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Marcus, Joseph A.
Phytolacca americana L.
American pokeweed, Pokeweed, Pokeberry, Red Ink Plant
USDA Symbol: PHAM4
USDA Native Status: L48 (N), CAN (N)
A tall, large-leaved, branching plant with reddish stems and long clusters of small, white flowers.
This is frequently a troublesome weed with poisonous berries and roots, although emerging shoots can be gathered before the pink color appears, cooked, and eaten as greens. The berry juice was used as a dye by the early colonists and to improve cheap wine.
Plant CharacteristicsDuration: Perennial Habit: Herb Leaf:
Purple Size Class:
Bloom InformationBloom Color: White , Pink
Bloom Time: Jul , Aug , Sep , Oct
, WV Canada: NB
, QC Native Distribution:
Ontario to southern Quebec, New England, and New York; south to Florida; west to Texas and Mexico; north to Minnesota. Native Habitat:
Open woods, damp thickets, clearings, roadsides.
Growing ConditionsWater Use:
Medium Light Requirement:
Part Shade Soil Moisture:
Moist CaCO3 Tolerance:
High Conditions Comments:
Pokeweed has a perennial
root stock, and also reseeds. It proliferates in disturbed areas,and though it can be used as a dye and some say the young leaves can be used as a salad, the entire
plant is considered poisonous and is potentially lethal. Extreme caution should be taken when using it as a food.
EDIBLE PARTS: Young tender leaves eaten only as thoroughly cooked greens (in two waters). Cooked berries are safe for making pies. Berries, roots and mature plants are poisonous, therefore, only use as new, young growth. Do not cut below ground level to avoid using parts of poisonous roots. Any red-tinged material should be discarded.
PREPARATION: Wash young shoots thoroughly. Peel and parboil tender young shoots (less than eight inches) in two changes of water several minutes each. Boil in a third water until tender and serve like asparagus. Young stalks less than one foot tall, with leaves removed, and before red tinged, can be cut and rolled in corn meal and fried like okra. They can also be pickled. Young leaves taken from stalks less than one foot tall can be parboiled in two changes of water for several minutes each and boiled in a third water until tender. To freeze, parboil leaves twice, cook, pat dry and place them in plastic bags. (Poisonous Plants of N.C.)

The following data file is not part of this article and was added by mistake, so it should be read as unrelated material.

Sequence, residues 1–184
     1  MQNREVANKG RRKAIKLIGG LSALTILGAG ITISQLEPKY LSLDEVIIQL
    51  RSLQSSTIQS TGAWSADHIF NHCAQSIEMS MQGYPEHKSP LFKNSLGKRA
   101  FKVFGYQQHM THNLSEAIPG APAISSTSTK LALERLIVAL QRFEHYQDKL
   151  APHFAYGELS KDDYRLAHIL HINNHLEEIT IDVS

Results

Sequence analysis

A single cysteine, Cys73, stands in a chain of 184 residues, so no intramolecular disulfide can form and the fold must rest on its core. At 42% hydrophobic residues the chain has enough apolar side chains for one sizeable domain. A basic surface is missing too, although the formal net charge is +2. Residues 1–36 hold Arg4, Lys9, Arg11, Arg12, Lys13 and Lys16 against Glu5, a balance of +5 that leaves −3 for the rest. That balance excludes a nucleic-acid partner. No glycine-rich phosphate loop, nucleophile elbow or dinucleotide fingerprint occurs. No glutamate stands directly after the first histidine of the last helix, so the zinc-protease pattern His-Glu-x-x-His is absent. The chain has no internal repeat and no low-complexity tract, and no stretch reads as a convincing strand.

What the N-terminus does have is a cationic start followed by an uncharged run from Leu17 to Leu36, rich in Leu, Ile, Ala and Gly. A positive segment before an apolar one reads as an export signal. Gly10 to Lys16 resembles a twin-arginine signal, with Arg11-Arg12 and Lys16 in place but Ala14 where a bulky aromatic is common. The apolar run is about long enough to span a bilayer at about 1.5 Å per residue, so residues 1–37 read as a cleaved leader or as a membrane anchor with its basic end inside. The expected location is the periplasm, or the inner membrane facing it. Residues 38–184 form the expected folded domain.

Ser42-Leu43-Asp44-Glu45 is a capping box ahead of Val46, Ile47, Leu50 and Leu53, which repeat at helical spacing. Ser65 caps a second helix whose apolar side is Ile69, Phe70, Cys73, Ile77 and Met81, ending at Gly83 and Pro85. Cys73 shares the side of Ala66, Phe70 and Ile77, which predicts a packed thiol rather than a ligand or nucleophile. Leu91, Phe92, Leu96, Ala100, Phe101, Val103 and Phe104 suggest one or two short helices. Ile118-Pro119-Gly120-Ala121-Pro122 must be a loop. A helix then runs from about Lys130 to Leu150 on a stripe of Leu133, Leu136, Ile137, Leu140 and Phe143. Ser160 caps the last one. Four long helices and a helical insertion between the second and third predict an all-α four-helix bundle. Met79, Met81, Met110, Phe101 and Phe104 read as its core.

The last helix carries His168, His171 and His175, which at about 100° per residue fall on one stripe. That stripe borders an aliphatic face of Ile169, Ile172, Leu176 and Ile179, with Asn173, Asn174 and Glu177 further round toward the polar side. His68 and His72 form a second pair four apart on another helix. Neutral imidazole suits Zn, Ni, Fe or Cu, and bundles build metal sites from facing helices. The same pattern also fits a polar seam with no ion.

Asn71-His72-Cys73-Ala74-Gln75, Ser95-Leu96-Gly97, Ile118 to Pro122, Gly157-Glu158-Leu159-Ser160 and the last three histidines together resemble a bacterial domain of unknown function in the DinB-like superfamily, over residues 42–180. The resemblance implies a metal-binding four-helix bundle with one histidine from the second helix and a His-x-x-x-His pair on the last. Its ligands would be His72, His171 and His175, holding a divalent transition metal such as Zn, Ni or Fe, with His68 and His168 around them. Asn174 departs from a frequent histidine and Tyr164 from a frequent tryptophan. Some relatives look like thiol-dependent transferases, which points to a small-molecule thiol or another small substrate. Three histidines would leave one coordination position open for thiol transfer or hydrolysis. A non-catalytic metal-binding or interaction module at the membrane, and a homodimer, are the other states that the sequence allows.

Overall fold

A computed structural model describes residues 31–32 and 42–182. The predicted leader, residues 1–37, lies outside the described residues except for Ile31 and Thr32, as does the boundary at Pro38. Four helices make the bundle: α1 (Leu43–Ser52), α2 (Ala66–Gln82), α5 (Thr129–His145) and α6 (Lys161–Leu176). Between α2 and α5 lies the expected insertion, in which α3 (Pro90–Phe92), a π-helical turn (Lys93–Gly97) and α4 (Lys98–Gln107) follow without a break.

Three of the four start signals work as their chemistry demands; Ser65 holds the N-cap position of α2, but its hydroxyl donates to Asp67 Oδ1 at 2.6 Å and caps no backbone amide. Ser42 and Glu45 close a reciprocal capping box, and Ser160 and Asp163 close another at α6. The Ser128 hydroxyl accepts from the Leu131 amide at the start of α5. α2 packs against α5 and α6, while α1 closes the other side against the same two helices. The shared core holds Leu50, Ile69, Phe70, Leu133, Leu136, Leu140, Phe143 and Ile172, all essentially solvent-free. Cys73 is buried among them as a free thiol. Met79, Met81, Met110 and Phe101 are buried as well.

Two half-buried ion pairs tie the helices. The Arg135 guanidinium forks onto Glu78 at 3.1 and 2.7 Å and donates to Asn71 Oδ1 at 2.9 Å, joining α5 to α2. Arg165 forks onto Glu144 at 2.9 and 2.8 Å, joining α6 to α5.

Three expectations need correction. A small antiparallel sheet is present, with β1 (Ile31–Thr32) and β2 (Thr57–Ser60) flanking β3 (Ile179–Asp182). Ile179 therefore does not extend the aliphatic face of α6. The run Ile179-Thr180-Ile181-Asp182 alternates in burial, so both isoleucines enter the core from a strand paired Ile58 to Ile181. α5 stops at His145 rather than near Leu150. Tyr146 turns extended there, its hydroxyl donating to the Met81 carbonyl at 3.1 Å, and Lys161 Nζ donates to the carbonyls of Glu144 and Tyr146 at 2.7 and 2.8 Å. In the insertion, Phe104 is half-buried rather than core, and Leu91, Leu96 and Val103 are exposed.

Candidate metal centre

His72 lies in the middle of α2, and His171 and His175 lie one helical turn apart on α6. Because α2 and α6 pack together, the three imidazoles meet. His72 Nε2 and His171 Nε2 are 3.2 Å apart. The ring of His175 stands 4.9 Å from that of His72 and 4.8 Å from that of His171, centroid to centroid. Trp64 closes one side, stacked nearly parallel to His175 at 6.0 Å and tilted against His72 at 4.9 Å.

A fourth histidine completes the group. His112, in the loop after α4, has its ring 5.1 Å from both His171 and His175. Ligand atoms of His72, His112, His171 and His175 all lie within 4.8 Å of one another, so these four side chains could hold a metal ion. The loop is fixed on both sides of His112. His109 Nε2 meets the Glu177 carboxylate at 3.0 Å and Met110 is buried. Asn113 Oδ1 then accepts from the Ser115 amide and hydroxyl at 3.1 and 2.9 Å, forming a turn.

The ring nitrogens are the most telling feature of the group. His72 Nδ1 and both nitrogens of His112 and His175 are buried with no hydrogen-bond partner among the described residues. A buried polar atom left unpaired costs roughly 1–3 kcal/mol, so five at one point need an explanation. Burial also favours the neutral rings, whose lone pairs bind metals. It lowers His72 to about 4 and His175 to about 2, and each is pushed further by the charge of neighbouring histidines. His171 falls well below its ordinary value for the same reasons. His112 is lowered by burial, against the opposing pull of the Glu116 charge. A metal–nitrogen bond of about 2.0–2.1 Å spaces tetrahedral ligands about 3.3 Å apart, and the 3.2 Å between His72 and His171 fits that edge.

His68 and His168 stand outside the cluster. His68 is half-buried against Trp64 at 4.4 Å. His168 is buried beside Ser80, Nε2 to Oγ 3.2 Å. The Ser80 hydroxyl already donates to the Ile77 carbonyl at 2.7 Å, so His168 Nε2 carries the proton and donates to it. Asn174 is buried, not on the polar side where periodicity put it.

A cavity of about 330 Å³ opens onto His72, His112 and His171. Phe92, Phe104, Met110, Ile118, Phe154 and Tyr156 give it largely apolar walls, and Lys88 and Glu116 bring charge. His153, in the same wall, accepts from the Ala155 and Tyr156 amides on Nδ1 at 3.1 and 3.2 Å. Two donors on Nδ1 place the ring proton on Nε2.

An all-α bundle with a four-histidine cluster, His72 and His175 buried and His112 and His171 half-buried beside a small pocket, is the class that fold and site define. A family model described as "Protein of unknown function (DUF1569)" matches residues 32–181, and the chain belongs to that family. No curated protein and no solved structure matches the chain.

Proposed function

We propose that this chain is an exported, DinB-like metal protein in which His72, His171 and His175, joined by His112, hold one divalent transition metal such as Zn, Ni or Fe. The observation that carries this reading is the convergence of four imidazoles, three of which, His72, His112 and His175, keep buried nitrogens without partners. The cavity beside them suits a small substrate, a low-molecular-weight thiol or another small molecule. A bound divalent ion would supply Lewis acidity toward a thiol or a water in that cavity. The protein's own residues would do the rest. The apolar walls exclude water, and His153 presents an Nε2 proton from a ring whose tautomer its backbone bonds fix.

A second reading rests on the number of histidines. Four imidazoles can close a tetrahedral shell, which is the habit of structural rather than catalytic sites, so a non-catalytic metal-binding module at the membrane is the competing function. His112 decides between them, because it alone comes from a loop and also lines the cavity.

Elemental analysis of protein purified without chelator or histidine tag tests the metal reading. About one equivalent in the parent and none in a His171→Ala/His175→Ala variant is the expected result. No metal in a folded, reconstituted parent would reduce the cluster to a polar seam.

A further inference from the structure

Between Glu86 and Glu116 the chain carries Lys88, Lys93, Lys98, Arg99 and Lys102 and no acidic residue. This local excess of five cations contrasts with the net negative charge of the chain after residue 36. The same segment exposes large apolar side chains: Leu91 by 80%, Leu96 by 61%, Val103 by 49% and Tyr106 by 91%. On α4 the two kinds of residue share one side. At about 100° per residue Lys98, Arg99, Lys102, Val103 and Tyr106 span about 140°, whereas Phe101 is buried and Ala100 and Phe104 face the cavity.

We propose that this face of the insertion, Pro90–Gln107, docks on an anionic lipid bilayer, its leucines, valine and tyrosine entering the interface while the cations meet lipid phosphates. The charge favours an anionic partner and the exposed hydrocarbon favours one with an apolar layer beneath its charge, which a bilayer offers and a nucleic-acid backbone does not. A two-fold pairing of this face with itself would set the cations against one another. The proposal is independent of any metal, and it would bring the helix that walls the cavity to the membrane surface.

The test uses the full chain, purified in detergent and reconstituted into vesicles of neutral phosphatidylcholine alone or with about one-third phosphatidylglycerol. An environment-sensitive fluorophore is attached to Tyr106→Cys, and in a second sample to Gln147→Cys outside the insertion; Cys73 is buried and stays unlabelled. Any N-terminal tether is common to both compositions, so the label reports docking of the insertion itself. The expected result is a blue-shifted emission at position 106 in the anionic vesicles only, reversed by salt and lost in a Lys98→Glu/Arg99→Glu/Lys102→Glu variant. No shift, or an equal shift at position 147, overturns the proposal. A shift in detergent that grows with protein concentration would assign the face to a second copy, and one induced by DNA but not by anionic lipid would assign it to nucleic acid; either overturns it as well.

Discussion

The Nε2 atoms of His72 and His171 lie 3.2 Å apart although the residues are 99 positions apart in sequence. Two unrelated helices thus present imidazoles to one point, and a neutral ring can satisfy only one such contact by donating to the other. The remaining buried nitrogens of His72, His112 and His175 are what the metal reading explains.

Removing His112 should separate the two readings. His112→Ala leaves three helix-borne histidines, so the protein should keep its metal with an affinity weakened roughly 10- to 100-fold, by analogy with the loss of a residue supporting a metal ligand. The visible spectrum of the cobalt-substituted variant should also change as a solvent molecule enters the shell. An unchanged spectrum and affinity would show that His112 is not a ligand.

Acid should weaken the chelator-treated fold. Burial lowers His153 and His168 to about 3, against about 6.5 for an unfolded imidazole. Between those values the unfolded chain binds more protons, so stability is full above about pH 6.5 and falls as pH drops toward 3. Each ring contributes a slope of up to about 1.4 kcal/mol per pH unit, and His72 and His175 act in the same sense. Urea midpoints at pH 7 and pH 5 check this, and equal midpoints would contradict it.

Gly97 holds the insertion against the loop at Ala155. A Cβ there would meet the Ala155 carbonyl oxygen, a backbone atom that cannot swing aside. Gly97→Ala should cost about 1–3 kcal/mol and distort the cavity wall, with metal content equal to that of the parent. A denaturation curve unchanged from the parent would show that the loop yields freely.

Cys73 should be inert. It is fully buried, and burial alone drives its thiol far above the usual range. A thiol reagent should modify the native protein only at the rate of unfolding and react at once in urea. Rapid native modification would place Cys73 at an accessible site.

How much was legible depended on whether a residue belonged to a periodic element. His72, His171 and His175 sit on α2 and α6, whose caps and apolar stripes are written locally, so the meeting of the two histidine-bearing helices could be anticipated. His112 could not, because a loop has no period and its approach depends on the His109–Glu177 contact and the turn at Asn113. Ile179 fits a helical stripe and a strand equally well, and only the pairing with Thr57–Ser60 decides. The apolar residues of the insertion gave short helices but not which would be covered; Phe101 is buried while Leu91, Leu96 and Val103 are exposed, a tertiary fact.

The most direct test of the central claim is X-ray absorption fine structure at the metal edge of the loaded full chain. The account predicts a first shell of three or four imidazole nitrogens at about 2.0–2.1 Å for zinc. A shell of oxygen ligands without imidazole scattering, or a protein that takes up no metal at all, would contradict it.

juice was used as a dye by the early colonists and to improve cheap wine. (Niering) Warning:
POISONOUS PARTS: All parts, mainly the roots; shoots, leaves, and berries when fresh and in quantity. Highly toxic, may be fatal if eaten. Toxic Principle: Phytolaccatoxin and related triterpene saponins, an alkaloid (phytolaccin), and histamines.
Medicinal: Amerindians used berry
tea for rheumatism, arthritis, dysentery; poulticed berries on sore breasts, root poulticed for rheumatism, neuralgic pains, bruises; wash used for sprains, swellings; leaf preparations once used as an expectorant. (Weiner)
Emetic and cathartic, poulticed for bleeding, pimples and black heads, juice may cause dermatitis. (Foster & Duke)
Birds Deer Resistant:
Mr. Smarty Plants says
September 24, 2008
I have a single stem red vine with purple berries growing on it. It is in a cluster of bushes and gets mostly morning and early afternoon sun. The berries also have small bumps at the stem. I have ...
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National Wetland Indicator Status
This information is derived from the U.S. Army Corps of Engineers National Wetland Plant List, Version 3.1
(Lichvar, R.W. 2013. The National Wetland Plant List: 2013 wetland ratings. Phytoneuron 2013-49: 1-241). Click here
for map of regions.
Record Last Modified: 2012-12-09
Research By: NPC